FIG. 6 shows a path/time diagram of the course of the movement, in which the time t is plotted on the x axis and the path s of the shock-transmitting element 32 is plotted on the y axis. At the time t0, the shock-transmitting element 32 is set suddenly in movement from the proximal end position sp by ignition of the electrodes 34 and 36 and thus moves with high and above all constant speed, i.e. without braking, to the distal end position sd, as can be seen from the linear rise in the movement curve. In the distal end position sd at the time t1, in which the counter-abutment 46 strikes the abutment 44, a reversal of movement of the element 32 takes place with the same or almost the same speed, as can be inferred from the symmetry of the movement curve about the time t1. At the time t2, the element 32 has once again reached the proximal end position sp.

In a test, a probe was used whose shock-transmitting element 32 has a defined stroke sp-sd of 0.85 mm, where a speed of the element 32 to the abutment 44 of 11.8 m/s was measured.

In order to keep the shock-transmitting element 32 in the proximal end position according to FIG. 2 prior to each ignition of the electrodes 34 and 36, a holding mechanism 58 is provided in the housing 28 and is designed such that, upon movement of the shock-transmitting element 32 from the proximal end position to the distal end position, it withdraws essentially no kinetic energy from the shock-transmitting element 32.

The holding mechanism 58 comprises a spring 60 which is designed such that its maximum spring travel is greater than the path of the shock-transmitting element 32 from the proximal end position to the distal end position. In the illustrative embodiment shown, this is achieved by the fact that the spring 60 is designed as a compression spring whose length is greater than the stroke of the shock-transmitting element 32 between the proximal and distal end positions, i.e. the length of the spring 60 is greater than the length of the slide tracks 50 and 50′ in which the counter-abutment 46 runs.

The spring 60 is arranged around the distal portion 40 of the shock-transmitting element 32 and its distal end bears on the housing 28 and its proximal end on a shoulder 61 between the distal portion 40 and the proximal portion 38 of the shock-transmitting element 32.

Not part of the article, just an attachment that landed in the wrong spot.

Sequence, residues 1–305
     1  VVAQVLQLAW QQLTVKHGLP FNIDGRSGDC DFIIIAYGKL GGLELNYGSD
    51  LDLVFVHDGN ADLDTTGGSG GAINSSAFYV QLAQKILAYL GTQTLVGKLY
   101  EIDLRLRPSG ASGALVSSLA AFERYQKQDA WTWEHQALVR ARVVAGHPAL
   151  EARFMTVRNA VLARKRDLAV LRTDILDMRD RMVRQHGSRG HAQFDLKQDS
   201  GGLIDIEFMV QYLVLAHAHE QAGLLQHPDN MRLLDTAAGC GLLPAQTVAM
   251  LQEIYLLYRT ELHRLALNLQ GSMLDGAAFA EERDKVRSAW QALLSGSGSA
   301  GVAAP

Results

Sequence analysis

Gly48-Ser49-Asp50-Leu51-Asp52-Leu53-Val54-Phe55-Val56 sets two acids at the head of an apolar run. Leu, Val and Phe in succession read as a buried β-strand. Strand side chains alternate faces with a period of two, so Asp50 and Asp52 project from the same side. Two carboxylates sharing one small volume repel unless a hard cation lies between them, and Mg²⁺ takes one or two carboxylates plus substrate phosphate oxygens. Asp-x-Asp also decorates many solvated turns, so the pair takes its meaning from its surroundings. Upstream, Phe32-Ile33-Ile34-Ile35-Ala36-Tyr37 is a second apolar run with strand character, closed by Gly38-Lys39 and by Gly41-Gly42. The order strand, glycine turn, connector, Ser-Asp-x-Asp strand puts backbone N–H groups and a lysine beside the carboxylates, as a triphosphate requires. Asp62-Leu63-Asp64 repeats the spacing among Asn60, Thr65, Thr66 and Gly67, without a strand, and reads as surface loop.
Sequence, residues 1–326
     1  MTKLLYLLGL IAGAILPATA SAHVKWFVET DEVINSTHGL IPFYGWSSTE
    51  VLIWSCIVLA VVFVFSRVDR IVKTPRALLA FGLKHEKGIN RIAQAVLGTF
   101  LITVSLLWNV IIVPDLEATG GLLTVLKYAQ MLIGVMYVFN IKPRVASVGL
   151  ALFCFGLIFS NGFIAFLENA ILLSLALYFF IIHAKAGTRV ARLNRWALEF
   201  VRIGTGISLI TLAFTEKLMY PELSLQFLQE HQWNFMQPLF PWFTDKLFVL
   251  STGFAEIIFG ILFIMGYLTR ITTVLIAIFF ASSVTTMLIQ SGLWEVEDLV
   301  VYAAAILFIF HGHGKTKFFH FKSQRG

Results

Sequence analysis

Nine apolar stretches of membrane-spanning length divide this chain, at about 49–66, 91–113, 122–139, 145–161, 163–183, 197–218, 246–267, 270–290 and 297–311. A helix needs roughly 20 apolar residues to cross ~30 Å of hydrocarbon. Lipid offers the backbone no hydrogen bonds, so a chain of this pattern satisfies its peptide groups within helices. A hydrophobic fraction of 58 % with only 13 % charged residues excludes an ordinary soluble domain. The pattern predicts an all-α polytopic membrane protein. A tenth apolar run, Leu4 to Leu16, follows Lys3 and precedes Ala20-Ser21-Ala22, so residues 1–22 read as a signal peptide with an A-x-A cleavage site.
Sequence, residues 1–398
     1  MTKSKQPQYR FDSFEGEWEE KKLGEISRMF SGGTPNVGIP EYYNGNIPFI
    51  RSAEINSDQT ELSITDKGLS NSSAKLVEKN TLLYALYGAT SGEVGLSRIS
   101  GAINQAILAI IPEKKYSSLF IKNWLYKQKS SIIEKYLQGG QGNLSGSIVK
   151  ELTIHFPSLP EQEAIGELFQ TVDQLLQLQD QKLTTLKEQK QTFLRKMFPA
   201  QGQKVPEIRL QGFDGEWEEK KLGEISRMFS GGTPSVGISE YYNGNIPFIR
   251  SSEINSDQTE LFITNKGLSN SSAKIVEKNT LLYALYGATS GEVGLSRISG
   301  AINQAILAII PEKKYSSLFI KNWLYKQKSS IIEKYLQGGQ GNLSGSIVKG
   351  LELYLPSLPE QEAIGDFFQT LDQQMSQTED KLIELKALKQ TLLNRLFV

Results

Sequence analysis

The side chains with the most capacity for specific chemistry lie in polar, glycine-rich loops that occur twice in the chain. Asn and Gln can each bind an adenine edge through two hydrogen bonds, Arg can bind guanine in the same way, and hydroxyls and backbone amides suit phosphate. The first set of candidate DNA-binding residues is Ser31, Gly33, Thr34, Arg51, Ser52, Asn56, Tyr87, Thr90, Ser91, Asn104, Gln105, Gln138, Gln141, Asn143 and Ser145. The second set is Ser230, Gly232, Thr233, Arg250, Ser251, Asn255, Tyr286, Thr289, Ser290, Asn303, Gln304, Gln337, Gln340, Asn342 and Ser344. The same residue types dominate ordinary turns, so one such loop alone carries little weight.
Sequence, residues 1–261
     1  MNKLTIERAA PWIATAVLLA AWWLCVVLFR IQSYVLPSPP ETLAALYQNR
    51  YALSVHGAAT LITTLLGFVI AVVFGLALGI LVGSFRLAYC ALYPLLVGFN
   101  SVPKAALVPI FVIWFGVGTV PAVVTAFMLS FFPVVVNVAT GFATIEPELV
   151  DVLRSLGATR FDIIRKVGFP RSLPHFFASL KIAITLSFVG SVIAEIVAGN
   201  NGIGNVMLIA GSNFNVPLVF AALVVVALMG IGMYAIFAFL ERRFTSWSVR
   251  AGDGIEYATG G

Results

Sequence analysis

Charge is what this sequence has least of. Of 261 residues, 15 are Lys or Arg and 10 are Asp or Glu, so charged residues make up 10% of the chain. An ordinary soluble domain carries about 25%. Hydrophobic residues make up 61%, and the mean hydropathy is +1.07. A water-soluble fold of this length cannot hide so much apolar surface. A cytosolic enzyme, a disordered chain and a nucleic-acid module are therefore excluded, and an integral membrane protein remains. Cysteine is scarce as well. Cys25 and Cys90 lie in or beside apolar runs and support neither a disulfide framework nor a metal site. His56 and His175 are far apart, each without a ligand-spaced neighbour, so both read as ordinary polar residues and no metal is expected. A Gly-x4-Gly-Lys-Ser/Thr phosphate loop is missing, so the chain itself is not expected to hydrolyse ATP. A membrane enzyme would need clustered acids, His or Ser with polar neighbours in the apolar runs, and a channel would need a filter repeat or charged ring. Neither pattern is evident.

As will be seen from FIGS. 2 and 3, the spring 60 does not lie in the running path of the counter-abutment 46 to the abutment 44, as a result of which the shock-transmitting element 32 runs, without braking, toward the hard abutment 44 and can return to the proximal end position as a consequence of an almost complete reversal of impulse.

Additionally and alternatively to the spring 60, the shock-transmitting element 32 can also be held in the proximal end position according to FIG. 2 by means of magnetic force. In this case, it is additionally possible to provide a trigger mechanism for the magnetic force, which trigger mechanism switches off the magnetic holding force in synchrony with the ignition of the electrodes 34 and 36 and switches it on again after a time interval corresponding to the time needed by the shock-transmitting element 32 to get from the proximal to the distal end position and from there back to the proximal end position.

The stroke of the shock-transmitting element 32 between the proximal end position and the distal end position, which is predetermined by the length of the slide track 50 or slide track 50′, lies in the range from approximately 0.2 to 2 mm, preferably approximately 0.4 to approximately 1.5 mm. The stroke of the shock-transmitting element 32 is therefore very short.

The speed of the shock-transmitting element 32 from the proximal to the distal end position is at least 2 m/s, preferably at least 5 m/s, more preferably at least 15 m/s.

The repetition frequency of the movement of the shock-transmitting element 32 from the proximal end position to the distal end position is at least 2 Hz, preferably at least 15 Hz, such that a sufficient repetition rate of the shock-like movement of the shock-transmitting element 32 is obtained.

At least one delivery line for a liquid leads into the liquid chamber 30 of the electro-hydraulic converter 26, and, in the illustrative embodiment shown, several delivery lines are formed by openings distributed about the circumference, of which four openings 62 to 68 can be seen in FIG. 4, formed in the wall of the housing 28.